Witch N.: Of course labels as Czar of Crickets contribute to an enrichment of the Swiss metal scene, and we are very happy with the work of our label boss Fredy. But I’m not sure if there are more and better bands thanks to labels. A label offers a platform to present yourself in a more professional way and it has distribution deals. But in the 21st century underground bands have to pay for almost everything and to do a lot of promotion and booking stuff on their own. There are not many persons anymore believing in underground bands and investing money and time before there is success.
Are there further steps you are going to promote the album, for example a video or whatever?
Witch N.: We have not planned to do a video shooting. We don’t think it's necessary nowadays, at least not in the underground scene that we are part of. But there will be some more promotion work in early autumn, when the vinyl edition is released on Throne Records from Spain.
Have you already thought about the sound of a new album? Is there already something new you are working on?
Marko: Not really. We were working quite a long time on 'Ilmasaari' and needed a small break after that. But in August we will start to rehearse again with our two guest guitarists and see what happens.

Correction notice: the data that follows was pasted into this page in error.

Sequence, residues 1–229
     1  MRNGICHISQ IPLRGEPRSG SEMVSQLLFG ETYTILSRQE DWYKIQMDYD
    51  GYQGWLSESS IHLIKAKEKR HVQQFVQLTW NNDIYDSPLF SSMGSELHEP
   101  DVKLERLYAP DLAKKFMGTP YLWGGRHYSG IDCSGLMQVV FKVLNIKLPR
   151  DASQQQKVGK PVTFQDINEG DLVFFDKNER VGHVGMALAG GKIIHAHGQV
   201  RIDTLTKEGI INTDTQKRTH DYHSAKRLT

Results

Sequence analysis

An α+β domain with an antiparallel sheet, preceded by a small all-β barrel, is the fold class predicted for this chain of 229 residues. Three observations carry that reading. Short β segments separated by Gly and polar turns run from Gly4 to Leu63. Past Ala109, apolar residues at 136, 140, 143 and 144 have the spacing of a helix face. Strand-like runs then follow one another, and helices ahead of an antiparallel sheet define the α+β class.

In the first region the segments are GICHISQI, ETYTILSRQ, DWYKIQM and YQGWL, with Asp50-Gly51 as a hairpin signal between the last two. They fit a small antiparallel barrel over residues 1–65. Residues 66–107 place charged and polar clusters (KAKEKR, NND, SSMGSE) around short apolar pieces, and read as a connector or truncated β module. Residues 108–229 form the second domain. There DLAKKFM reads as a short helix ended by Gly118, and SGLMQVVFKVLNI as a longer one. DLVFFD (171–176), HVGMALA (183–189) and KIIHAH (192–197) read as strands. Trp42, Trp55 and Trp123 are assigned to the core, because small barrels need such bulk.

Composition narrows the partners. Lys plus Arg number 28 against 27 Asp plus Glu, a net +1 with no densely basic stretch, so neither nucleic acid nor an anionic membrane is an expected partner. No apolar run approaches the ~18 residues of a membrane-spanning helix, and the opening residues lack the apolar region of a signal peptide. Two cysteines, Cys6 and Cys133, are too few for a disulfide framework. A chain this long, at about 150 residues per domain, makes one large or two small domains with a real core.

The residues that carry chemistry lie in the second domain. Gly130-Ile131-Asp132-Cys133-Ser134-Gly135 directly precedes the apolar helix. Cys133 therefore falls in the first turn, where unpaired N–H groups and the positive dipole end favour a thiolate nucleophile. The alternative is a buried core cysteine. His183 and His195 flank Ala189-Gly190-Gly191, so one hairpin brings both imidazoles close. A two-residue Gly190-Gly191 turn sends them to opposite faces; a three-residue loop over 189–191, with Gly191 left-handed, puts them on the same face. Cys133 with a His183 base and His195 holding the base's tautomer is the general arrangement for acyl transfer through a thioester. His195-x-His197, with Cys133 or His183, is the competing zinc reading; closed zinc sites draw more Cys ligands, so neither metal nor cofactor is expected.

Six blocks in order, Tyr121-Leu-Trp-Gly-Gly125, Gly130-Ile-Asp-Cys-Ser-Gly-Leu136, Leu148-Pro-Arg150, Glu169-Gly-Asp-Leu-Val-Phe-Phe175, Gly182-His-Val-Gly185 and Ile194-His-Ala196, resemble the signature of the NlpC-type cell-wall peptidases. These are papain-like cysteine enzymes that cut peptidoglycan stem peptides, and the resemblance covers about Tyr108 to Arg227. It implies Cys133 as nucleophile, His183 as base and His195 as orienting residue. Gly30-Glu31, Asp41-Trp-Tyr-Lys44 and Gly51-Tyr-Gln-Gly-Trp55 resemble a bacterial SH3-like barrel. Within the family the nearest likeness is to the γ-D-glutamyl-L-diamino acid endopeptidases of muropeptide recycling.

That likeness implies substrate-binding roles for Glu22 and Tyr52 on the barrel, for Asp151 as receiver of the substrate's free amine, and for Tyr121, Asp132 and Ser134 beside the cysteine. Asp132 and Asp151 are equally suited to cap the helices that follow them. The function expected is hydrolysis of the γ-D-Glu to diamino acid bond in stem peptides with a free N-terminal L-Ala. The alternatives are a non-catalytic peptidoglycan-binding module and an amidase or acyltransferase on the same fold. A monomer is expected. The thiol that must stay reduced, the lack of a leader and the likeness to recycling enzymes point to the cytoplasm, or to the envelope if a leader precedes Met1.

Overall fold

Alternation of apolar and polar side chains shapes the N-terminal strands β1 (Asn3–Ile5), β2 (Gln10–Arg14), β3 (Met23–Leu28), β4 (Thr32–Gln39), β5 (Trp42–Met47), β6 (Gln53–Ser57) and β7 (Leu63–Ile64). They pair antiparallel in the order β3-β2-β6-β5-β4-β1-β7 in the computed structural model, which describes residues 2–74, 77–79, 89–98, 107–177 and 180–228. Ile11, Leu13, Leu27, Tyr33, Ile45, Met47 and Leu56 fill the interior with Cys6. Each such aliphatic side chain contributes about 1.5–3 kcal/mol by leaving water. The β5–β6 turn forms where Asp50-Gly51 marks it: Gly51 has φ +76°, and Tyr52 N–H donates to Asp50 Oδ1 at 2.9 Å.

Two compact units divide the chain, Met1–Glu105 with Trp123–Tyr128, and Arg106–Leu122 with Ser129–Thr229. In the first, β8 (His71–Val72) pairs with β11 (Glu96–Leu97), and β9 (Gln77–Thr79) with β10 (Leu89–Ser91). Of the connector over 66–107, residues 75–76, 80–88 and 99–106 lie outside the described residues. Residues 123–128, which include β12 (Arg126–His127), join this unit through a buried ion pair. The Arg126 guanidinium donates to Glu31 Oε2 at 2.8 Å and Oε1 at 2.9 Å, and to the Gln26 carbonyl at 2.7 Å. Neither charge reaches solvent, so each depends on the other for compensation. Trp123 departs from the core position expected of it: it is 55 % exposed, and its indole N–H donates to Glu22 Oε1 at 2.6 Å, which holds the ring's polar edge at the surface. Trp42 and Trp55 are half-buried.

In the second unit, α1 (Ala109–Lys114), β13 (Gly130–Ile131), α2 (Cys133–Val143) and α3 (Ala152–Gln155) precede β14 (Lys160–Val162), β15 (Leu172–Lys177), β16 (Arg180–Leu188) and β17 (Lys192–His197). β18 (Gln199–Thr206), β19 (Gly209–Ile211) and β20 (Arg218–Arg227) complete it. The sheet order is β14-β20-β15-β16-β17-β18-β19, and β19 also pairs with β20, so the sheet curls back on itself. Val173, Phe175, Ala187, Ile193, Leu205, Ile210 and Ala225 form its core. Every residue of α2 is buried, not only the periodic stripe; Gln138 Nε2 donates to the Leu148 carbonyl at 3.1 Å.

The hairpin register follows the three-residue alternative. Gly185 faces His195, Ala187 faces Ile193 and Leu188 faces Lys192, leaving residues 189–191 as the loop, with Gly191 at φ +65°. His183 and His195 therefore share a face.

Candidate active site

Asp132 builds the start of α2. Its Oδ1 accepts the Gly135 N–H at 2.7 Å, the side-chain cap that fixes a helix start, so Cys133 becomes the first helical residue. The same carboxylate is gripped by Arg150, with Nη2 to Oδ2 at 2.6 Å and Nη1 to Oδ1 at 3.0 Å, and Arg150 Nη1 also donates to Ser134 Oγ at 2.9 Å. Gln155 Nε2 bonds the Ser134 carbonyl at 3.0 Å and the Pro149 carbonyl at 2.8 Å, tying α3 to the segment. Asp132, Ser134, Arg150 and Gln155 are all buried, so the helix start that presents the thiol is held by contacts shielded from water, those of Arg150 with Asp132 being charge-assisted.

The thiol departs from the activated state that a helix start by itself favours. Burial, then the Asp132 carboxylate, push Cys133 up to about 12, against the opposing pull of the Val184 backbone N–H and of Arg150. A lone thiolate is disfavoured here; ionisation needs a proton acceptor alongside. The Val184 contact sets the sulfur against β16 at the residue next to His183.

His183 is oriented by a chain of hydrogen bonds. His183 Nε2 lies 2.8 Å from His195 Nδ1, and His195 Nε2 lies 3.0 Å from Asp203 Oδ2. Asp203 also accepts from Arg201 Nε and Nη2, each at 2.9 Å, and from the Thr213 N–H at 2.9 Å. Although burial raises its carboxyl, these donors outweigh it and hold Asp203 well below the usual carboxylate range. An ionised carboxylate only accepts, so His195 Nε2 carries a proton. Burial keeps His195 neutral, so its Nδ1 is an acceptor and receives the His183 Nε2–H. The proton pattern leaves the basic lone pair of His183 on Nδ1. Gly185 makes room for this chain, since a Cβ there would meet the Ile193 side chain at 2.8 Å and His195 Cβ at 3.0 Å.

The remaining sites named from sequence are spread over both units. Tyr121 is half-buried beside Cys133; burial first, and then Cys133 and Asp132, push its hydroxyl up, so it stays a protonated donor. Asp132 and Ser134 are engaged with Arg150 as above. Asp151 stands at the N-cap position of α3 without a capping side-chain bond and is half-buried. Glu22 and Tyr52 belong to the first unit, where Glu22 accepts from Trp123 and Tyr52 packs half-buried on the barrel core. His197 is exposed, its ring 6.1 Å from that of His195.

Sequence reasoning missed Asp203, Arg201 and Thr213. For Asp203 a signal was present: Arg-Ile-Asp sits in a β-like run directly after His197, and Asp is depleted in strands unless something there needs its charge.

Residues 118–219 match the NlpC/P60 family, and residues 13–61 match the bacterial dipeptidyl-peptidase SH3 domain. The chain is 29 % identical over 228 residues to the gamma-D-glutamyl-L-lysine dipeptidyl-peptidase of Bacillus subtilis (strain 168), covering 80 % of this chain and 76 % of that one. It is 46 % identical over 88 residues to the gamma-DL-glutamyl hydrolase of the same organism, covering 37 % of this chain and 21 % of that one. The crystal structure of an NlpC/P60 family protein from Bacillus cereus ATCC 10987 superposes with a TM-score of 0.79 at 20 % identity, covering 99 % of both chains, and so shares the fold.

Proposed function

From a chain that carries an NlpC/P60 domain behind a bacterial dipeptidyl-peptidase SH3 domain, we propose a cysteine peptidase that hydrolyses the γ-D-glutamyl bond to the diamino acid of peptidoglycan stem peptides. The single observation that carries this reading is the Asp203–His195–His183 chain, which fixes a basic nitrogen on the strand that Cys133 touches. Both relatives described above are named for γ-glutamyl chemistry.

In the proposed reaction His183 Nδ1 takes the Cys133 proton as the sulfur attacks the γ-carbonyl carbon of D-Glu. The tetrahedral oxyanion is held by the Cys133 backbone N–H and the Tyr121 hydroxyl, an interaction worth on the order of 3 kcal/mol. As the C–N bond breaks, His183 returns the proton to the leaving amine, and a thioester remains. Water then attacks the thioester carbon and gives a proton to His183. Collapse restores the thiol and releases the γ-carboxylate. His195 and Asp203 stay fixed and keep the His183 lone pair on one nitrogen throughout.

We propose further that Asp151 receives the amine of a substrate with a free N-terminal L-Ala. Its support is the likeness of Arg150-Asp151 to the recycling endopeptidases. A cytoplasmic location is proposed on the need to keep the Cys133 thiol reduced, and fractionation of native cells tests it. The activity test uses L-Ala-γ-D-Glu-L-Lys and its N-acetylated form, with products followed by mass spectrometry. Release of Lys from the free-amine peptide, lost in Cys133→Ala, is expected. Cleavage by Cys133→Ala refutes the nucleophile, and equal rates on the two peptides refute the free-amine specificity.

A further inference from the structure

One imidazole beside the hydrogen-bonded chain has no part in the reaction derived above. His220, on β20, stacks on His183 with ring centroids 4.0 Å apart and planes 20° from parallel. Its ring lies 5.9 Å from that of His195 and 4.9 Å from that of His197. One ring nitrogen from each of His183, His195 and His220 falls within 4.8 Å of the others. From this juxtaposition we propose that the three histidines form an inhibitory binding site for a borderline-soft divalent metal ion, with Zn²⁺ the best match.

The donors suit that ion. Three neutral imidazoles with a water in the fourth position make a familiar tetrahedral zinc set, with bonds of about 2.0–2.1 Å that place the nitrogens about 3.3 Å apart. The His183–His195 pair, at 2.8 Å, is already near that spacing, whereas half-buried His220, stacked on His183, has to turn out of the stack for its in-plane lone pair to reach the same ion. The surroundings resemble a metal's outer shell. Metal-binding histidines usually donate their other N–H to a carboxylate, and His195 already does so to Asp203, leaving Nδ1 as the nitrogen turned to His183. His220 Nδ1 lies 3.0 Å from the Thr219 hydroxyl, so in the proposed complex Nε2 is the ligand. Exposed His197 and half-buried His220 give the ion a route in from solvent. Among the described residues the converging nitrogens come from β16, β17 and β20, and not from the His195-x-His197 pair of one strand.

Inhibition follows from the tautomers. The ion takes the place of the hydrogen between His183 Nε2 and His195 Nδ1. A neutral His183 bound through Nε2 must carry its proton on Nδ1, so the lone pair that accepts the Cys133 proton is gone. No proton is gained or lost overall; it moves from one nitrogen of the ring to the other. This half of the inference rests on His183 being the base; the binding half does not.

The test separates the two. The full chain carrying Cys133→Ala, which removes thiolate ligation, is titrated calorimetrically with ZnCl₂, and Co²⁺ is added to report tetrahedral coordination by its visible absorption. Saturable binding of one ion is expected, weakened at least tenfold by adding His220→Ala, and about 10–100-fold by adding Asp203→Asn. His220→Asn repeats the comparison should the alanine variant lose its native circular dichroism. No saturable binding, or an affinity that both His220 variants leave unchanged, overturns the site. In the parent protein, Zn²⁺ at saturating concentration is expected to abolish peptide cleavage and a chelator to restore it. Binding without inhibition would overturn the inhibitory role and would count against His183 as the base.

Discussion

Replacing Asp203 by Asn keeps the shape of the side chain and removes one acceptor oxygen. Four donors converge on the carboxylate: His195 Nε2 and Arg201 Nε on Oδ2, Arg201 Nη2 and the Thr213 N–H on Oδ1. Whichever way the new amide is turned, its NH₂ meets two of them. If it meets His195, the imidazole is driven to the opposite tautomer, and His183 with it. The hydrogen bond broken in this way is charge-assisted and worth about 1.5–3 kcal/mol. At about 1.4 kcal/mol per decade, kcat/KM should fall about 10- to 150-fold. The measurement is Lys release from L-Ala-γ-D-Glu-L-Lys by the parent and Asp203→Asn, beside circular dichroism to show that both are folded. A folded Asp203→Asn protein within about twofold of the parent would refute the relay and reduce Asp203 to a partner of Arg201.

My last question: during my face-to-face interviews with bands in my radio show, I am used to ask the "Desert Island List": three books, three records and three movies you can’t live without, what about yours?
Marko: My three books would be 'Stiller' and 'Montauk' by the Swiss writer Max Frisch and the famous Elvis biography 'Last Train to Memphis' by Peter Guralnick. My records, well, it's completely impossible to name just three, but let's pick the 'White Album' by the Beatles, 'Selling England By The Pound' by the early, proggy Genesis and 'Houdini' by Melvins. My three movies might be 'Rosemary's Baby' by Roman Polanski, 'Wild Strawberries' by Ingmar Bergman and 'The Name of the Rose' by Jean-Jacques Annaud.
Witch N.: As I studied German and French literature, it’s very hard to choose only three books. I would say 'Die Letzte Welt' by Christoph Ransmayr, 'Tigana' by my favourite fantasy author G.G. Kay and the complete works by Heinrich von Kleist. It’s a very hard choice with the records as well, but actually I would say 'Ikonoklast' by Urgehal, 'Sky Burial' by Inter Arma and 'Secondhand Daylight' by Magazine. Concerning the movies, I could easily live without them, but my favourite ones are 'Mulholland Drive' by David Lynch because after three times watching I still don’t get it, and 'Melancholia' by Lars von Trier because of its beauty in sadness. Instead of a third movie I choose a fourth book: 'Les Filles Du Feu' by Gérard de Nerval, a collection of eight lunatic and magic tales.
Thanks a lot for your time and hope to see you in Switzerland.
Witch N.: Thank you for your interest in Ashtar – and if you know a good club to play Lugano, go ahead and let us know!